I am working on simplicity right now. Trying to pare things down so that only what is important to me is left. Sounds like a straightforward task, but, boy, simplicity is not so easy to come by. It's about shutting out the noise and all the little things that pull you in a million different directions and focusing on what matters most. So I am in the process of getting there.
You know what else; I am discovering that simplicity is a group effort. It has become a major topic of conversation between my husband and me. How to get there, what it means, what to let go of and what to keep. The good news is we seem to be on the same page (which means he will stay in the keep pile!)
And why? Well, because wonderful things can come from very simple beginnings. You keep what is best and discard what is just taking time and energy with no return. And no, I am not just talking about possessions but also about how I spend my days and what I focus on.
I am discovering that this is a philosophy that works well both in life and in cooking. These Scallion Pancakes are a perfect example. Crisp, delicate, salty and flavourful; these little pancakes are simplicity at its best.
I had seen a few different versions in my travels through the internet. I thought they looked interesting, but they did not every really capture my attention until I saw Ellie's beautiful looking pancakes on Almost Bourdain.
They are easy to make and take no time to cook. And in the end you have a nice little bite, perfect as a starter or a little nibble with cocktails. What more could you ask for?
Scallion Pancakes Recipe
Adapted from Almost Bourdain
Makes 2 servings
1 3/4 cups all-purpose flour plus extra for dusting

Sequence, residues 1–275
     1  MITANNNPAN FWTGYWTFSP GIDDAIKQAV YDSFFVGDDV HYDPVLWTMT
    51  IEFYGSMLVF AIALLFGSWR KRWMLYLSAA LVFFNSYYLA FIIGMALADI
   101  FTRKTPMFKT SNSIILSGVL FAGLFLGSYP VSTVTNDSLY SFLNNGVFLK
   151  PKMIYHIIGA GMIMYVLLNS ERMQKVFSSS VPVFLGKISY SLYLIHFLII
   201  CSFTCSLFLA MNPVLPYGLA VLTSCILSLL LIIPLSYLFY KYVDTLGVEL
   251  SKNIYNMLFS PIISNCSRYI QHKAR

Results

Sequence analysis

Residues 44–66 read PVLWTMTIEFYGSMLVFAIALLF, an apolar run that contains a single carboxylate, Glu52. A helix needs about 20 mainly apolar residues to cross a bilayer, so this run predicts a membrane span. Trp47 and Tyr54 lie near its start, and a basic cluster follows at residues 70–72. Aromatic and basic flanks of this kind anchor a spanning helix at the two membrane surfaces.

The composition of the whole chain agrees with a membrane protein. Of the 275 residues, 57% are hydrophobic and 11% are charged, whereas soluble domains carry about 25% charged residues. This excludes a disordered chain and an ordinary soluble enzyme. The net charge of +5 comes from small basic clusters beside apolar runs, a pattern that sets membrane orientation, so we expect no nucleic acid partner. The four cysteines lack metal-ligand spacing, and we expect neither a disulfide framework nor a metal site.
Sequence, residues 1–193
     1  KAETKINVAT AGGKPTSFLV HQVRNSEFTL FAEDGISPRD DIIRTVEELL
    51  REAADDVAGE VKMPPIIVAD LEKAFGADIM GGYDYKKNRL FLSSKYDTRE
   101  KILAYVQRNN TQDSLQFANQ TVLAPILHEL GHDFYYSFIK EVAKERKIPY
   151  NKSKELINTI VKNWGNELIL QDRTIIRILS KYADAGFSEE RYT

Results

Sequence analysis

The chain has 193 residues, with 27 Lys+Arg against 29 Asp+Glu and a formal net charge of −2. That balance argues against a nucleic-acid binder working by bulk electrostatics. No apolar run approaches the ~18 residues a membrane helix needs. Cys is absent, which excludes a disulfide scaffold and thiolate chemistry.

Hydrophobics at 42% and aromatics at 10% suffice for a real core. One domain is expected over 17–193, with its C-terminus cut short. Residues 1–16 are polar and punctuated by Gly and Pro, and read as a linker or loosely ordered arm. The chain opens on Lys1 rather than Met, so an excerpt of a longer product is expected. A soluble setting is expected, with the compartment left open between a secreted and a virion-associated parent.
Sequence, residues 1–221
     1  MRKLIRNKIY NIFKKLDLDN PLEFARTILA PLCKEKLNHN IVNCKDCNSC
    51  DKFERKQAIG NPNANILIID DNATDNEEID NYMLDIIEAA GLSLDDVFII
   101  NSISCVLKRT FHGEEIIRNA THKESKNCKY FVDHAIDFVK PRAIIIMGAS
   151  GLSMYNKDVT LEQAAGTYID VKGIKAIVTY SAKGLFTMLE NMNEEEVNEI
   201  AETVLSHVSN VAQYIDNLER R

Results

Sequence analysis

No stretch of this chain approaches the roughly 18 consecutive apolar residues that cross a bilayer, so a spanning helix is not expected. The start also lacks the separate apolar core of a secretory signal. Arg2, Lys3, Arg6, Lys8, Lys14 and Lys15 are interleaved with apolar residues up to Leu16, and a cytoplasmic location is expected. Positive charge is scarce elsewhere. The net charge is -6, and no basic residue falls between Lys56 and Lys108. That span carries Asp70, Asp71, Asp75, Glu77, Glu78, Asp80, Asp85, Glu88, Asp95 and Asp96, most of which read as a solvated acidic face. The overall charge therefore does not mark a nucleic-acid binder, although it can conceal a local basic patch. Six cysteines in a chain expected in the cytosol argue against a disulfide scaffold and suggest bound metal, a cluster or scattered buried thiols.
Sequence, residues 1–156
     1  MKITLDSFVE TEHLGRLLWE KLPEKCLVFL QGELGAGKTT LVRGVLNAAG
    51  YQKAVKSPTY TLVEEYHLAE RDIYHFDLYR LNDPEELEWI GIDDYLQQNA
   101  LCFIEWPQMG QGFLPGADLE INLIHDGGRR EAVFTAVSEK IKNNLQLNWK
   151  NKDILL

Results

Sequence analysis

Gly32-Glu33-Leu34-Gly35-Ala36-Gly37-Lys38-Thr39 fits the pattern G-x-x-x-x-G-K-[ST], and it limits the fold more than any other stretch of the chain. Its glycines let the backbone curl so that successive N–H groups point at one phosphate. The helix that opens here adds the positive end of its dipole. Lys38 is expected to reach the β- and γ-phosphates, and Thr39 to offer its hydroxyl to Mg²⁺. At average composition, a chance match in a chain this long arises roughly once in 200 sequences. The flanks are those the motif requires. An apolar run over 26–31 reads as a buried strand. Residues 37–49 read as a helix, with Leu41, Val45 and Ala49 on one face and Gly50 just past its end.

1/2 tsp salt
1/2 cup warm water
2-3 spring onions, sliced very fine
1/4 cup vegetable oil
soya for dipping
Sift flour and salt into a big bowl and stir to combine. Make a well in the middle and add the warm water. Using your hands mix together to form a smooth dough. Cover with cling wrap and let it rest for 30 minutes.
Next, divide the dough into 2 equal parts.Working with one portion at a time, place the dough on a lightly floured surface. Roll out to a circle, trying to roll as thin as possible. Generously brush with vegetable oil.
Sprinkle the dough with half of the chopped spring onion. (Ellie used just the greens from the onions but I wanted a stronger flavour, so I used some of the white part and I made sure I sliced it very fine.)
Starting with the edge closest to you, roll up the dough and pinch the ends to seal in the onion and oil.
Lightly flatten and then roll it into a coil, pinching the end to seal it. Now roll out the coil into a circle.
This process of rolling into a cigar shape and then wrapping into a spiral and rolling out again creates light flaky layers when you cook the pancake, so do not shortcut.
Heat a non-stick frying pan over medium heat with a tbsp of vegetable oil. Cook the pancake for 3-4 minutes on each side, turning once, until it is crisp and golden brown.
Sprinkle with a little coarse salt, cut into wedges and serve immediately. You can use a little soya for dipping if you like. Enjoy!